Do you ever wish for an utterly new and unknown food flavor – perhaps an exotic fruit from Tahiti or a mysterious concoction created in a small French kitchen, a subtle, smooth, completely novel taste experience? I do. There’s a name I’m giving it tonight – the flavor is called feliz…
In my husband’s rubber boots, I walk through the crunchy-wet snow to check how things are growing. Brave and hardy, new-sprung leaves are poking through the ice. I always worry about them, and wish I could tuck them up warm. They need another mama while the earth pulls her nasty pranks on them and leaves them to shiver.
This is the sixth homemade dinner that’s been brought to my door since my foster kiddos arrived seven weeks ago; and another is promised for next week. Plus there’ve been special desserts and homemade granola and snack mixes and a huge box of diapers and babysitting and you know, little stuff like that; ladies bring this and say can you use it? I don’t know how to say how blessed I am.
We Christians have always been good at line-drawing, and we are usually the ones who do it best. Or, if we dislike our upbringing, the ones who do it worst. The Catholics are too iconic, the Anglicans too liturgical, the black churches too emotive, the Quakers too quiet, the Methodists too formal, the Pentecostals too hyper, the Mennonites too traditional. Private worship is too individualistic, and public is too contrived or too showy. In the end, is there any good way to worship? that’s unlike what we are comfortable with?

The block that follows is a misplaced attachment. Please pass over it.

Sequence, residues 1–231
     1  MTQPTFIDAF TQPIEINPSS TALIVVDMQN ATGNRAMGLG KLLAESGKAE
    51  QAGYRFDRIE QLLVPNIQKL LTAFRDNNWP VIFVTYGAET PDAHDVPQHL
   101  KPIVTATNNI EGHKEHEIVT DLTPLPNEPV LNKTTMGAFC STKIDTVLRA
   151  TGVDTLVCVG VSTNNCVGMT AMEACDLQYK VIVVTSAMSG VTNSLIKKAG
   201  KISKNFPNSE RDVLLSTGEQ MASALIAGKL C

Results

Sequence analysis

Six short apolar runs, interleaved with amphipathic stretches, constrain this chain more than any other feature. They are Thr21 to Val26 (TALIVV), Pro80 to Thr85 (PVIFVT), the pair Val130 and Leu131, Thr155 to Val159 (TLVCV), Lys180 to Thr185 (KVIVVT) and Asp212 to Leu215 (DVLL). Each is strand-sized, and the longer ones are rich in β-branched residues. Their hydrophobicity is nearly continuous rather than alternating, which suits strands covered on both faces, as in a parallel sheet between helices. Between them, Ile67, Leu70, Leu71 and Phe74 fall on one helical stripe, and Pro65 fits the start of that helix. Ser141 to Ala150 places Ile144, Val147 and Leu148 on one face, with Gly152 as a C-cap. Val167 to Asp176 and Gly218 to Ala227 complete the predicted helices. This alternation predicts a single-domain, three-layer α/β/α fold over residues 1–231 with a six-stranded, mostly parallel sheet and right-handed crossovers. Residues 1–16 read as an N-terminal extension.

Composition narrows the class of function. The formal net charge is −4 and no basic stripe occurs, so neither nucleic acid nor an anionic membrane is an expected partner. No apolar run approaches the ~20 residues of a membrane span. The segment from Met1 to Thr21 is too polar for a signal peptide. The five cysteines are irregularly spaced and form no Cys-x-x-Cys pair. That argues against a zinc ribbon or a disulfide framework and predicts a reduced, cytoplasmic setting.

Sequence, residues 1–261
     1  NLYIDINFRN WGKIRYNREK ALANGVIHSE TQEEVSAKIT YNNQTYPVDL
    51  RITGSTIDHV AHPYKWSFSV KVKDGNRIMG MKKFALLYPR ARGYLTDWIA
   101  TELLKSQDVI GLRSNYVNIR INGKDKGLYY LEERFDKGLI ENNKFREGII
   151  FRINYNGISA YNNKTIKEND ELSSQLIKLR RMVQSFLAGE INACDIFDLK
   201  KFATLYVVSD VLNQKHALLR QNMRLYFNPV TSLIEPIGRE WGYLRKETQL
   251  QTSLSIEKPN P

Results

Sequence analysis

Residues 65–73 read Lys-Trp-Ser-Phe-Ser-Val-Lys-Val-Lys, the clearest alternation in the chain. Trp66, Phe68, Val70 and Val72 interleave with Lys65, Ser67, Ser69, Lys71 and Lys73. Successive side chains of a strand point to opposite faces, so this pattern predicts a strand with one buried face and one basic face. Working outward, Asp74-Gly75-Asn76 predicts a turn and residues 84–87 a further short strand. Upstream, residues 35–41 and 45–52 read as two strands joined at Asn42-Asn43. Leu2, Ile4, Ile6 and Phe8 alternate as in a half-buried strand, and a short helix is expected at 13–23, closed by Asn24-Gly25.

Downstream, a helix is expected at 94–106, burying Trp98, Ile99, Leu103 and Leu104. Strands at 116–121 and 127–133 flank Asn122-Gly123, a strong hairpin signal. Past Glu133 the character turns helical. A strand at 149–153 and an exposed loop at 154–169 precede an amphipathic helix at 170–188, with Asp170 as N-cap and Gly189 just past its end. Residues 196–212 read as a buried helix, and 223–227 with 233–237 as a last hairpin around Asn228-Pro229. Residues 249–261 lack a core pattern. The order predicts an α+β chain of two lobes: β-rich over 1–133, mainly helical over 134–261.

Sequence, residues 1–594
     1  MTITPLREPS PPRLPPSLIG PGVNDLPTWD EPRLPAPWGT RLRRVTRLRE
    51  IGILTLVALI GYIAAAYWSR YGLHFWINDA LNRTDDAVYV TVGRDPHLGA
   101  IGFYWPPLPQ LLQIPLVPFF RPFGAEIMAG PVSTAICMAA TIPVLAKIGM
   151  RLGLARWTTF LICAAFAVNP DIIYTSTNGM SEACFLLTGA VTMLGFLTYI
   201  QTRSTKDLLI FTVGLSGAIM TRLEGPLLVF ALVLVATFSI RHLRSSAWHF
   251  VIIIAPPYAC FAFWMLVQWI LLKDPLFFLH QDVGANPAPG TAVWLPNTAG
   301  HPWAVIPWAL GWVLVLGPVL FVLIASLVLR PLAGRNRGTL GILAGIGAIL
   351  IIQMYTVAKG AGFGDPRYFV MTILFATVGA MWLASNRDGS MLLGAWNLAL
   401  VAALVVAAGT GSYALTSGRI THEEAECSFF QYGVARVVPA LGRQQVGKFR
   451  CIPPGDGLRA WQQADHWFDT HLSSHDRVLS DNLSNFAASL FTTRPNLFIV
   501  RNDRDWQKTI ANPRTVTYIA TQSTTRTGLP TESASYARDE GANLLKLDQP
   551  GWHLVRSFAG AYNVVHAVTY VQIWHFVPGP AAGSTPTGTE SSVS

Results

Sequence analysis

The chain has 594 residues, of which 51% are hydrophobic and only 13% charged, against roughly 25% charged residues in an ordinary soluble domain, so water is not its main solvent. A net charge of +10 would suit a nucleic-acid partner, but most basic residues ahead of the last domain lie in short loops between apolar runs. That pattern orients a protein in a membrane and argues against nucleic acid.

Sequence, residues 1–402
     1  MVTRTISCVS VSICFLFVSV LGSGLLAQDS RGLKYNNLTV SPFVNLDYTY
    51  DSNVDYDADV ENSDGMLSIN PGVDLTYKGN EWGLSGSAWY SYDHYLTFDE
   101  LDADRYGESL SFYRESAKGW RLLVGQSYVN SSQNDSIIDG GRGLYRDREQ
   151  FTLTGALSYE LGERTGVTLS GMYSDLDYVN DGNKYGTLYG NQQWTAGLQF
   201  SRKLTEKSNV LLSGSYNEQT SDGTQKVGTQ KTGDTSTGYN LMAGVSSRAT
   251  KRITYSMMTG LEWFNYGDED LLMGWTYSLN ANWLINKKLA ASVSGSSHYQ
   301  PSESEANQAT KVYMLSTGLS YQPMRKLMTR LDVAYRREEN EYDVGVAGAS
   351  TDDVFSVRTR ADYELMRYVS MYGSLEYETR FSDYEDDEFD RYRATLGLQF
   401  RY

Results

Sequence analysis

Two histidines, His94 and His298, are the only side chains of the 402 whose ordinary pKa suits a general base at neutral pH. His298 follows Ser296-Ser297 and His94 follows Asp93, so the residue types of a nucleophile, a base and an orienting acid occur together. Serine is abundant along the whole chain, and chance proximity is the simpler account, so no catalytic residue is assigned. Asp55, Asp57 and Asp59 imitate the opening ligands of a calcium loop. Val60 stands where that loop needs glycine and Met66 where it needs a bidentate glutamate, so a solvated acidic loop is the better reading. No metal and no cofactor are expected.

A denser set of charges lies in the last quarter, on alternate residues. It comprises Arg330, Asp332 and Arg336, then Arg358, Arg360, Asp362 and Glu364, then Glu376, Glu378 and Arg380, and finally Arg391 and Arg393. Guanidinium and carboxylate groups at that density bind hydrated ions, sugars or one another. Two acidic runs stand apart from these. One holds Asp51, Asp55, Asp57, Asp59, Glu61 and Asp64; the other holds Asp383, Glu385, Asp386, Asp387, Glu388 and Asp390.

In the past year, I’ve been thinking a lot about worship. Before I share my thoughts, I’m curious about your own experience in worshipping Jesus. What is worship like for you?
Confession: Mornings are not my thing. Which means that I thoroughly enjoy cooking breakfast. If it happens after 10 am. Honestly, I adore breakfast foods, but I don’t understand why they have to be served at the crack of dawn. I scratch our itch for them by cooking “brupper” sometimes (my children’s word for pancakes […]